Radiation Therapy Plus Surgery May Improve Local Control in Localized Pelvic Ewing Sarcoma

In Partnership With:

R. Lor Randall, MD, FACS, discusses the significance of addition of surgery to radiation therapy led to improved local control compared with radiation therapy alone in patients with localized pelvic Ewing Sarcoma.

R. Lor Randall, MD, FACS

R. Lor Randall, MD, FACS

The addition of surgery to radiation therapy led to improved local control compared with radiation therapy alone in patients with localized pelvic Ewing Sarcoma, according to a retrospective study published by the Children’s Oncology Group in the International Journal of Radiation Oncology, Biology, Physics.

Patients (n = 101) treated with radiation therapy (68%) and surgery plus radiation therapy (32%) had local failure rates of 25.0% and 6.3%, respectively (P = .046). The highest local failure incidence occurred in tumors that originated in the ischiopubic-acetabulum region at a rate of 37.5% vs sacrum and iliac/buttock tumors (P = .02), particularly those treated with radiation therapy alone, with a local recurrence rate of 50.0% (P = .06). Additionally, with every additional 100 mL of tumor at diagnosis, there was a higher incidence of local failure (P = .04).

“This study shows us that there probably is a role for combined modalities for local control in patients with Ewing sarcoma,” R. Lor Randall, MD, FACS, said. “We shouldn’t just be doing surgery or radiation; we might want to figure out a way by which we would randomize high-risk patients to surgery and radiotherapy.”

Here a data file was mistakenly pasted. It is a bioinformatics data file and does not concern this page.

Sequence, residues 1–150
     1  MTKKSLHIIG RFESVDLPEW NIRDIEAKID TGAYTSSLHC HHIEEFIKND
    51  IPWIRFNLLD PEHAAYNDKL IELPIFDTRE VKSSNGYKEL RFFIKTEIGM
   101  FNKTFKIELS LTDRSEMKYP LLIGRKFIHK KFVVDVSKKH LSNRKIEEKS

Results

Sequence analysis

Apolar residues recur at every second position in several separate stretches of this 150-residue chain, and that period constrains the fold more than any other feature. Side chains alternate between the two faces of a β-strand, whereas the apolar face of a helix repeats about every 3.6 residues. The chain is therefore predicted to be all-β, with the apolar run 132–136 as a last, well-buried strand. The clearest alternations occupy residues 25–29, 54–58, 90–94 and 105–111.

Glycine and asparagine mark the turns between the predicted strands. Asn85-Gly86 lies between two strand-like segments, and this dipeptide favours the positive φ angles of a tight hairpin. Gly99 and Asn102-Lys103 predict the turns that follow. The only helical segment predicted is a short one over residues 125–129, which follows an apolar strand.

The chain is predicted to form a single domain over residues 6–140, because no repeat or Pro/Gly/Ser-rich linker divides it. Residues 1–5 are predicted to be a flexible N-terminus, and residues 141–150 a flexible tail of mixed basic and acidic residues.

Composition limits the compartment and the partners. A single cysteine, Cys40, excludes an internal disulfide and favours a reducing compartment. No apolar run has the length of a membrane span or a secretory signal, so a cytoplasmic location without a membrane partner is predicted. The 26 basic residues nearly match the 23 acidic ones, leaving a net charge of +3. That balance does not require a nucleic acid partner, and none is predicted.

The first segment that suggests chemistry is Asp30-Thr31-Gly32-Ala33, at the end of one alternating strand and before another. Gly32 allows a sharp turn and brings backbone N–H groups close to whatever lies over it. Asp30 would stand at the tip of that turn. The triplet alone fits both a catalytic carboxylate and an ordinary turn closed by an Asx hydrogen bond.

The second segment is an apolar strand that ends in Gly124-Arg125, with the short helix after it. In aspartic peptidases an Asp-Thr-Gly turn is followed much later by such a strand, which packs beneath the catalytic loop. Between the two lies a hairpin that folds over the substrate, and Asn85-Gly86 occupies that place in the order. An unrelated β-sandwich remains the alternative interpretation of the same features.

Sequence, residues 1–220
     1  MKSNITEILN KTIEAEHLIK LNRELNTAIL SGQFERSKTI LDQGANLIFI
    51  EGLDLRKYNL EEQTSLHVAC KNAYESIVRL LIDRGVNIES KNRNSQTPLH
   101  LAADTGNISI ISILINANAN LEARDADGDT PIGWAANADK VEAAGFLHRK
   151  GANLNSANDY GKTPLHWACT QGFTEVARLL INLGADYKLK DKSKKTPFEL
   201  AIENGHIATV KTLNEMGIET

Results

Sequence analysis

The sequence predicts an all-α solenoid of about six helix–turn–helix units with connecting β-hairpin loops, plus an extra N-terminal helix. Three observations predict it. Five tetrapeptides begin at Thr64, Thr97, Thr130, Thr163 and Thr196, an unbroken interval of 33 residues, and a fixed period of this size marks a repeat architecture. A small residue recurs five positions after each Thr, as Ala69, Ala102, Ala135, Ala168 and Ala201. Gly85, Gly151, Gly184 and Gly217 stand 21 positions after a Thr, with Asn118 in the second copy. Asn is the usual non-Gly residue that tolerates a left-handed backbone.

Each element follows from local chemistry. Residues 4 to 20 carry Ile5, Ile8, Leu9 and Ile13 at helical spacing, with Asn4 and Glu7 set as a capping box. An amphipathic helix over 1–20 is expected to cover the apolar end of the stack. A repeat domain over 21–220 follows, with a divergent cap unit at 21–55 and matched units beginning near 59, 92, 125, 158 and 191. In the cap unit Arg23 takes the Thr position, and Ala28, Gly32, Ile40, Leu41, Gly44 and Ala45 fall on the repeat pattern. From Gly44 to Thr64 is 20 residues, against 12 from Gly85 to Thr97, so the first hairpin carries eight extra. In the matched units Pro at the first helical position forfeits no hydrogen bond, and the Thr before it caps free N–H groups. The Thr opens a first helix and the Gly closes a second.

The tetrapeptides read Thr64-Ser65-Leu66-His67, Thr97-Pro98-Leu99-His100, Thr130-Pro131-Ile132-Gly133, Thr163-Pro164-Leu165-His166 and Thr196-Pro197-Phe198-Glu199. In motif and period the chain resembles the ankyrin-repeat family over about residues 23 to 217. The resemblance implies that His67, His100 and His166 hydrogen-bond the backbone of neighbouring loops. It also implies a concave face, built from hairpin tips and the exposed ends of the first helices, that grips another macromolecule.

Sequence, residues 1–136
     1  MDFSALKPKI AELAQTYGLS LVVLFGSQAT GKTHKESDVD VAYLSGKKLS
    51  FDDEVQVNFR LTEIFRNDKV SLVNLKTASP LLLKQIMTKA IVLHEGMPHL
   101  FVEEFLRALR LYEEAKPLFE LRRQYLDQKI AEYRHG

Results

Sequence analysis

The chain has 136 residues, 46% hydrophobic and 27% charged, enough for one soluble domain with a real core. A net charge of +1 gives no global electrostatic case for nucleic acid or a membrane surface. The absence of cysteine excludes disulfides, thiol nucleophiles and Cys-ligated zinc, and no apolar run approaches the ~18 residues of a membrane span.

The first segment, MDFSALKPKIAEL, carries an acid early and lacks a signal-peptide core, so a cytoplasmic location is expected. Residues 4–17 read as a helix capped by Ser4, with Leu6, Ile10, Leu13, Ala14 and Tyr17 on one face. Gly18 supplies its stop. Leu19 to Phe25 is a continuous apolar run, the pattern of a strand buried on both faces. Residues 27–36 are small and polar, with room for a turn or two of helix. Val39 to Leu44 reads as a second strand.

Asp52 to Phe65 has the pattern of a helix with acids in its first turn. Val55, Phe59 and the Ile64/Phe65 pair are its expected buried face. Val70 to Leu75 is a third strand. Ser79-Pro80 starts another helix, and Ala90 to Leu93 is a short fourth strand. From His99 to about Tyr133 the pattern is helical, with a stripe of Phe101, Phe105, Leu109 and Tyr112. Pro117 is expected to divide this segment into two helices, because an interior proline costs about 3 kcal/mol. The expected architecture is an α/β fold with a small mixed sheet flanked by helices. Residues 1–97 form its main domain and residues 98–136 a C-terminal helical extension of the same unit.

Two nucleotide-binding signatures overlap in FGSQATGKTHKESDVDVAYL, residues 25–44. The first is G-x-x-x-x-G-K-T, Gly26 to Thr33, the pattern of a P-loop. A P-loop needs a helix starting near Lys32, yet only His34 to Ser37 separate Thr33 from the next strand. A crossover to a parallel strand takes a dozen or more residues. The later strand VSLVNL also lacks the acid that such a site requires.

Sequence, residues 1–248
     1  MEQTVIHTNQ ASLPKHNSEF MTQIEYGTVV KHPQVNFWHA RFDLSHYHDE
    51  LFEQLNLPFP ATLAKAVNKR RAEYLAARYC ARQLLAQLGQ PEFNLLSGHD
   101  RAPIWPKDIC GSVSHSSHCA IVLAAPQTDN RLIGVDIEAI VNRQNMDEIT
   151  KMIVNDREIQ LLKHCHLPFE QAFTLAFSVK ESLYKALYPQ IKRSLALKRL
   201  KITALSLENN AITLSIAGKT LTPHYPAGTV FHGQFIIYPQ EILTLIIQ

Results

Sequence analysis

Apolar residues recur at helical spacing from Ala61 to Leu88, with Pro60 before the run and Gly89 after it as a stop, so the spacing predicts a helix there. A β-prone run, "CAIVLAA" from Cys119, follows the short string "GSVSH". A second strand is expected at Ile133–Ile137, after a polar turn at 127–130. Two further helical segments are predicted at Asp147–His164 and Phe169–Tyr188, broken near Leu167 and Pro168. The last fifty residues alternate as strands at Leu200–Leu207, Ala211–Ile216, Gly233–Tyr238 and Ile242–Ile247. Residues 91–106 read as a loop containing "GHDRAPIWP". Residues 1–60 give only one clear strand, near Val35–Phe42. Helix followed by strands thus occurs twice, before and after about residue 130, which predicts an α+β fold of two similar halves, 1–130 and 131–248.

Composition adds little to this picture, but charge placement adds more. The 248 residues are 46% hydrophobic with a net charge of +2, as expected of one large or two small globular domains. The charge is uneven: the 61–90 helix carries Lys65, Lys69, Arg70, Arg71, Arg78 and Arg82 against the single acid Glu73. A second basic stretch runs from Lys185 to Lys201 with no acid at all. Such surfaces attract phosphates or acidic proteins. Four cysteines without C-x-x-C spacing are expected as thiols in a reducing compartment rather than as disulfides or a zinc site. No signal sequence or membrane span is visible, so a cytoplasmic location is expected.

In an interview with OncLive®, Randall, The David Linn Endowed Chair for Orthopaedic Surgery, chair of the Department of Orthopaedic Surgery, and a professor at UC Davis Comprehensive Cancer Center in Sacramento, California, discussed the significance of the analysis.

OncLive®: Please describe the background for this study.

Randall: This study from the Children’s Oncology Group looked at patients with pelvic Ewing sarcoma treated with radiation or radiation and surgery. The study highlights the fact that we have difficulty with local control for Ewing sarcoma in the pelvis. Traditionally, in the United States pelvic Ewing’s has been treated with surgery or radiation and generally not a combined modality approach, but there’s a certain cohort of patients for a variety of reasons that do need radiation in addition to surgery when they’re scheduled for surgery.

[In this group of] approximately 100 patients that were treated with radiation or surgery and radiation, local control was more effective in the patients treated with surgery and radiation compared with radiation alone. It’s important to point out this was a [retrospective study]. This was not a study designed to randomize patients to radiation or radiation plus surgery.

The local recurrence rate was 25% for radiation alone and 6.3% with surgery and radiation, and this was statistically significant. We also found that tumor involvement around the ischial acetabular area was associated with the highest local failure and that the sacrum was a challenge.